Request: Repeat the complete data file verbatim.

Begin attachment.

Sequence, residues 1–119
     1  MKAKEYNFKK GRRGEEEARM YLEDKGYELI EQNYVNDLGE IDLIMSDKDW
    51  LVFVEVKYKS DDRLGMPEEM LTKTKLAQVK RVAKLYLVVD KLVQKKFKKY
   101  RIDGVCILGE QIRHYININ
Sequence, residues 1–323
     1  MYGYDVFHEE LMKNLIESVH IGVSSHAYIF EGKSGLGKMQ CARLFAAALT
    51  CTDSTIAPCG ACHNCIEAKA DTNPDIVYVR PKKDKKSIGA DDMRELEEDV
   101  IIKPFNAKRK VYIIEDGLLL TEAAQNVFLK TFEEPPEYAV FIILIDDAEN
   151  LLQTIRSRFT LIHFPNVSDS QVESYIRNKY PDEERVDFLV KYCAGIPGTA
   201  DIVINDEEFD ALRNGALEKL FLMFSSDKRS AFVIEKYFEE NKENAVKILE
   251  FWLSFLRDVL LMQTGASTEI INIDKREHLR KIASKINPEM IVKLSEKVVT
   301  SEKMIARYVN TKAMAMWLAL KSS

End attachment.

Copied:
Sequence, residues 1–119
     1  MKAKEYNFKK GRRGEEEARM YLEDKGYELI EQNYVNDLGE IDLIMSDKDW
    51  LVFVEVKYKS DDRLGMPEEM LTKTKLAQVK RVAKLYLVVD KLVQKKFKKY
   101  RIDGVCILGE QIRHYININ
Sequence, residues 1–323
     1  MYGYDVFHEE LMKNLIESVH IGVSSHAYIF EGKSGLGKMQ CARLFAAALT
    51  CTDSTIAPCG ACHNCIEAKA DTNPDIVYVR PKKDKKSIGA DDMRELEEDV
   101  IIKPFNAKRK VYIIEDGLLL TEAAQNVFLK TFEEPPEYAV FIILIDDAEN
   151  LLQTIRSRFT LIHFPNVSDS QVESYIRNKY PDEERVDFLV KYCAGIPGTA
   201  DIVINDEEFD ALRNGALEKL FLMFSSDKRS AFVIEKYFEE NKENAVKILE
   251  FWLSFLRDVL LMQTGASTEI INIDKREHLR KIASKINPEM IVKLSEKVVT
   301  SEKMIARYVN TKAMAMWLAL KSS